The Coalition for Jewish Values (CJV) last week called upon the Islamic Society of North America (ISNA) to retract its statement issued April 16 entitled, “ISNA Condemns Israeli Violence Against Palestinian Worshipers.” CJV pointed to numerous factual errors in the statement, which, taken together, could easily be characterized as promoting a false narrative, encouraging anti-Semitism, and even fomenting violence.
“The statement makes outlandish claims that invert those who came to cause violence with those who responded to quell it,” said CJV President Rabbi Pesach Lerner. “As written, it appears to demonize Israeli police for stopping a violent riot. The police foiled attempts to murder Jewish worshipers at the Western Wall, and restored calm so that peaceful Islamic prayers could occur at the Al-Aqsa Mosque. Both Muslims and Jews should commend Israeli police for preventing an intended massacre and permitting the faithful of both religions to worship safely.”
The ISNA statement erroneously claims that “Israeli forces stormed the Al-Aqsa Mosque,” with “unprovoked and violent Israeli attacks” on “Palestinian worshippers.” In reality, both Arab scholars and Israeli commentators have pointed to the desecration of the mosque by rioters that occurred in the morning, prior to prayers, as was documented on camera. The Israeli police enabled prayers to take place by stopping the riot.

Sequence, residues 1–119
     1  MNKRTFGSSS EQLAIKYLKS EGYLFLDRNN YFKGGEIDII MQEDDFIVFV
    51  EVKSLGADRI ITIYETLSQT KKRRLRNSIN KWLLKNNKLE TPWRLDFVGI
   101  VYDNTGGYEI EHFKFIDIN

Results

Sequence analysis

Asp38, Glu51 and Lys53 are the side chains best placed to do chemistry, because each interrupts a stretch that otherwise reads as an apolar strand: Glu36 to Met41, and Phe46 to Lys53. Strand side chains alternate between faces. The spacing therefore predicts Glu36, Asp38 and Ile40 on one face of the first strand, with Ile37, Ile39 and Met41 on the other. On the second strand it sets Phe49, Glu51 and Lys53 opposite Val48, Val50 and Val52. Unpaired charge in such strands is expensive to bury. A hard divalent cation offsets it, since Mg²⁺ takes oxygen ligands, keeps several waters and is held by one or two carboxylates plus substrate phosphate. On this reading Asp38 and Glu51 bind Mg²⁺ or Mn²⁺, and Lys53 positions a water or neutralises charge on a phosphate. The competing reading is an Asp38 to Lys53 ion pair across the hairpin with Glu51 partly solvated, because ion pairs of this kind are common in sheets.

The statement also insists that it was a “violation of international human rights law” for Israeli forces to stop rioters from throwing stones over the western edge of the Temple Mount complex, though each such projectile constituted an attempt to murder Jewish worshippers at the Western Wall below. As written, the statement implies that international human rights law demands – or at least condones – the murder of Jews.
Glaringly, the statement even notes that April 15 fell during the Islamic Holy Month of Ramadan and on the Christian Good Friday, yet fails to mention that it was also the eve of Passover, a time when an extraordinary number of Jewish worshipers flock to the Western Wall. This omission could give readers the impression that ISNA does not value free practice for all religions that revere that holy site – in particular, Judaism, the one whose historical attachment to the Temple Mount precedes that of others by millennia.
“Islam is an Abrahamic faith with hundreds of millions of peaceful adherents,” noted CJV Southern Regional Vice President Rabbi Moshe B. Parnes. “Few things could sully the reputation of Islam in America more than a statement condemning efforts to prevent bloodshed, under the imprimatur of an American organization with Islam in its name. It is for this reason that we urge ISNA to repudiate this statement before it can do further damage.”